Now, granted, it’s always going to be a longer trip from Orlando even if you put the city in Tampa, but the point is just that St. Pete is completely out of the way of everything. It’s not set in the center of the region, but about as far west and south as you can go in it, which means a trip from Orlando takes two hours, whereas you could shave 40 minutes off the ride for a downtown stadium in Tampa. CDPs like Progress Village would be so much closer to games if a new park was built there. And yet, the Rays are staying put in St. Pete, basically next door to where the Trop is now, because the city (and county) have agreed to give them $600 million in public funds toward a new stadium. The Trop is a problem, yes, there’s no denying that, but the real issue with it is the location. And the location has now barely changed.
The top five Rays seasons by attendance all happened between 1998, when they first arrived as an expansion team, and 2010. Just one of their current top 10 occurred in the past 10 seasons: 2023 currently ranks 13th, behind the last-place 2006 squad. It used to matter when they were good, in the sense attendance was higher, but the correlation isn’t so strong these days: they drew just 1.18 million fans in 2019 when they finished in second place and made the postseason, 1.13 million last year when they did the same, and are at 1.35 million in 2023 en route to the postseason and a potential second place finish once again, while sitting just 2.5 games back of first. They’ve drawn over two million just once in their history, their inaugural season, and were over 1.8 million three times, from 2008 through 2010, when they were first good after a decade of being something of a joke.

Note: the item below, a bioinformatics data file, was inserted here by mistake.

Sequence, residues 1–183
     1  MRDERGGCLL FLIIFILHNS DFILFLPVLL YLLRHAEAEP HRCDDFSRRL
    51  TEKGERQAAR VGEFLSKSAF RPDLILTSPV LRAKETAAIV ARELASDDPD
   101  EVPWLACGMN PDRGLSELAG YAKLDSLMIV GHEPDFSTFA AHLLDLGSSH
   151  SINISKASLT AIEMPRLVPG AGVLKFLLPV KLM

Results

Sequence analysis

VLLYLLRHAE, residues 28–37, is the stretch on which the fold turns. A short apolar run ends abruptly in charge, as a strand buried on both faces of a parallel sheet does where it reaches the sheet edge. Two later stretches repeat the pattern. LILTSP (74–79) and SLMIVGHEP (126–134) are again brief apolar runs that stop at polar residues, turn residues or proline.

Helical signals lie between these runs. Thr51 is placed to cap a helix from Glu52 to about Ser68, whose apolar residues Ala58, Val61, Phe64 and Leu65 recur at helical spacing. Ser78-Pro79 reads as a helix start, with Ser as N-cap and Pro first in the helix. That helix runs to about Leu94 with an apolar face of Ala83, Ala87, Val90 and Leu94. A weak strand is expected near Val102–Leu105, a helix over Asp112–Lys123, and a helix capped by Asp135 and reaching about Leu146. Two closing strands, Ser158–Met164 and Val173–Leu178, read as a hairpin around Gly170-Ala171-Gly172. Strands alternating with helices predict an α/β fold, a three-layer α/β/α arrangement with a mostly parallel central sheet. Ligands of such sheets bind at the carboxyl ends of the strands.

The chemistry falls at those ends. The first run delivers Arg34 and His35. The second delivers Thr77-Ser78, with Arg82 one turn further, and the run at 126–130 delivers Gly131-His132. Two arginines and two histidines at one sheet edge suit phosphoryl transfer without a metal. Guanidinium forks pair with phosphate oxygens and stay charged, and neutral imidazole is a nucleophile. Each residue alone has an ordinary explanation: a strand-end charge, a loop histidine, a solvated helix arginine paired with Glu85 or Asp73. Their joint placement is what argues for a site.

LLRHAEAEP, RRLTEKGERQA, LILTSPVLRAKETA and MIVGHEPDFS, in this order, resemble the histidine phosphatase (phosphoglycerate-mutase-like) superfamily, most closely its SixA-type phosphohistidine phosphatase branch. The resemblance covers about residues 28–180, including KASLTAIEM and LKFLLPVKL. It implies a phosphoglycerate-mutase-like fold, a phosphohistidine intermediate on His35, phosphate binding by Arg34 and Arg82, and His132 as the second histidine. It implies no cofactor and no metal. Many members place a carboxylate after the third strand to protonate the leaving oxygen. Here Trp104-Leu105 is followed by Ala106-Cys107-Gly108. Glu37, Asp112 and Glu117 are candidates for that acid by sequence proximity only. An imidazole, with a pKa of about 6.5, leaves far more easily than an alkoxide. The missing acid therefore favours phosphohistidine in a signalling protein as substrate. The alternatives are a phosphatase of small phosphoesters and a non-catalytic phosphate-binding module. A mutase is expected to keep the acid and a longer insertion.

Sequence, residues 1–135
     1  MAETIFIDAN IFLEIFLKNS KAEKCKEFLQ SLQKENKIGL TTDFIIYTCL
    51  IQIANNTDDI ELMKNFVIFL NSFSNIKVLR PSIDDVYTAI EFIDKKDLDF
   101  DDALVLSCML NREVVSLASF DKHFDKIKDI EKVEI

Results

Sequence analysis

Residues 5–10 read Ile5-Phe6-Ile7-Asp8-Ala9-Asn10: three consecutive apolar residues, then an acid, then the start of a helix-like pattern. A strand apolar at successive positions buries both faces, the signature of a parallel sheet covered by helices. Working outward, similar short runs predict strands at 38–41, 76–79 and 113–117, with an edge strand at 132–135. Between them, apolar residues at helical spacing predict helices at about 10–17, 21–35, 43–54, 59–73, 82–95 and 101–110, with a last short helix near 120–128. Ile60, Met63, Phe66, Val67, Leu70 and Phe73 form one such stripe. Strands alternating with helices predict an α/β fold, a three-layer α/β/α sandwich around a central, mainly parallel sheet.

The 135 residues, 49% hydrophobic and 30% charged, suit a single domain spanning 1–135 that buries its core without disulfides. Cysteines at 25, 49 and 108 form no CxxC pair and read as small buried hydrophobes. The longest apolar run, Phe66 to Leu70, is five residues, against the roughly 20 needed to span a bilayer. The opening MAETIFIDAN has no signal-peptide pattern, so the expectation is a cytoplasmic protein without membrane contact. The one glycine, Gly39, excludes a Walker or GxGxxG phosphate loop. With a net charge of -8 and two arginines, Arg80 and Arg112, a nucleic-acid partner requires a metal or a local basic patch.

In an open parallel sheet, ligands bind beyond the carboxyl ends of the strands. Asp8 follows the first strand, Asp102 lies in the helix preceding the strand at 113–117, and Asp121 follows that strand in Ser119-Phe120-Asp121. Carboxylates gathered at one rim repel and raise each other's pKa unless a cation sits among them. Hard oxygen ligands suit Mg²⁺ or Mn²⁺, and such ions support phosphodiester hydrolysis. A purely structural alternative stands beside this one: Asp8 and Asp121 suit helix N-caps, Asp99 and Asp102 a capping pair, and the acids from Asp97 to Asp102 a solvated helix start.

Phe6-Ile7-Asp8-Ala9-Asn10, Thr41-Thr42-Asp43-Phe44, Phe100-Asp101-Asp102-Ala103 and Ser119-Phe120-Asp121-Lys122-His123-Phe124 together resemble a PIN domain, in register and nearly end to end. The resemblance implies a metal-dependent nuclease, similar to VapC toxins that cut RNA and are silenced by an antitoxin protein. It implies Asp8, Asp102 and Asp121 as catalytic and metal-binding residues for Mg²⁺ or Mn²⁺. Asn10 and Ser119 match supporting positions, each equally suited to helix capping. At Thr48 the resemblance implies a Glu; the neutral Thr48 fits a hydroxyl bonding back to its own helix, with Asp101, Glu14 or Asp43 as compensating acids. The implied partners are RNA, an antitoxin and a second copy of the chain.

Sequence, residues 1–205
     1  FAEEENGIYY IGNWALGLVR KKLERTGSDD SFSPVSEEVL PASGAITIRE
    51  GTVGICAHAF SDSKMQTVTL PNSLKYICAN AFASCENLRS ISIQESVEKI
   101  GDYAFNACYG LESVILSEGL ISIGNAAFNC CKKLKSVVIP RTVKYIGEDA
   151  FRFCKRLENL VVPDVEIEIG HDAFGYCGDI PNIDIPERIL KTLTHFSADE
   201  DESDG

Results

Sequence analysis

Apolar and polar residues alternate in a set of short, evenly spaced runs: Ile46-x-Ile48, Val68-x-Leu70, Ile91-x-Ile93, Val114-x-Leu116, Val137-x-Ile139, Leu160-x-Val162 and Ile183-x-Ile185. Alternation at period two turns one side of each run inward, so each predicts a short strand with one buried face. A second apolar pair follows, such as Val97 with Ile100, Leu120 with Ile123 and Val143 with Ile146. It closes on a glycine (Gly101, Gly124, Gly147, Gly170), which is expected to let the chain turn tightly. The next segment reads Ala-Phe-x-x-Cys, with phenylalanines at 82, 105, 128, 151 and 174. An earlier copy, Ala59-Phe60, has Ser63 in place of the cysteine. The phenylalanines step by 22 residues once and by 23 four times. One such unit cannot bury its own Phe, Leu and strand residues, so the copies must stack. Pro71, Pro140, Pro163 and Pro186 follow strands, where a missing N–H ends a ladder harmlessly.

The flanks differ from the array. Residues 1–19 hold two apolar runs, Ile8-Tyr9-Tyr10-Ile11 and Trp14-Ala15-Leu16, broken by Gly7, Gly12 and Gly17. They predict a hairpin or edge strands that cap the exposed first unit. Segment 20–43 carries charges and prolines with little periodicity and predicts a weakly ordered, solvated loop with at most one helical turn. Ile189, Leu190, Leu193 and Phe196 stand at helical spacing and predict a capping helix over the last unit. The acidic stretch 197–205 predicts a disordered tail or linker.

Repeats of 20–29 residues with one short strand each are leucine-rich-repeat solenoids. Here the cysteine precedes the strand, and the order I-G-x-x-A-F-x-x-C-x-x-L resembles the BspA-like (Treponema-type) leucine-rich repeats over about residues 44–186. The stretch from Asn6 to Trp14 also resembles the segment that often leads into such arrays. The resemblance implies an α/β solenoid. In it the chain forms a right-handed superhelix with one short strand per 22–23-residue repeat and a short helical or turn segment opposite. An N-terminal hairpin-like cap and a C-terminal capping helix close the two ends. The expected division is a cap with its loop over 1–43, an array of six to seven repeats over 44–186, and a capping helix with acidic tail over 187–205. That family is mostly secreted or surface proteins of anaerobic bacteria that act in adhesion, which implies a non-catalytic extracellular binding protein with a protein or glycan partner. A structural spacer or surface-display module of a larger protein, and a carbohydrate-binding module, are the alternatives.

Maybe there will be a brief uptick in attendance at first to see the new stadium, but will it be enough to stop what’s been a slide from glory days that weren’t all that glorious to begin with? That seems unlikely, because again, the new park is right next door to the old one, and location has been the problem this whole time. The new stadium is set to be smaller, with 30,000 seats, too, so even if they managed to sell out every game, we’re talking 2.43 million fans, or, fewer than showed up in 1998 for the Devil Rays’ first campaign.
Strange decisions all around, but made because St. Pete agreed to contribute $600 million (through currently unexplained means) toward a brand new ballpark. The current record is the $750 million that the NFL’s Raiders coaxed out of Las Vegas for Allegiant Stadium, and the A’s managed to convince the same place to hand them $380 million in public funds, so $600 million is significant even for this kind of thing. It’s a shame, for the sake of the fans, that if some city or another was going to spend all this money, that it couldn’t have at least been one that’s more convenient for the people who actually would like to go to games. But these kinds of decisions are always made independent of what fans could want or need, aren’t they? It’s just about who writes the checks, and for how much, and St. Pete was willing to hand over a large one.
Now, a vote does still have to go through, so nothing is set in stone yet: the Rays and St. Petersburg (as well as Pinellas County) have merely agreed to a deal to be voted upon. Not by the people of the region, mind you, but by the County Commission and City Council, which is unlikely to occur until early 2024. It feels inevitable, though, doesn’t it? No one has learned a lesson about anything in this realm for decades now, which is why these kinds of deals even come to be voted upon in the first place.
[Update: It’s actually $730 million, not $600 million in public funds, as pointed out by J.C. Bradbury.]
Visit my Patreon to become a supporter and help me continue to write articles like this one.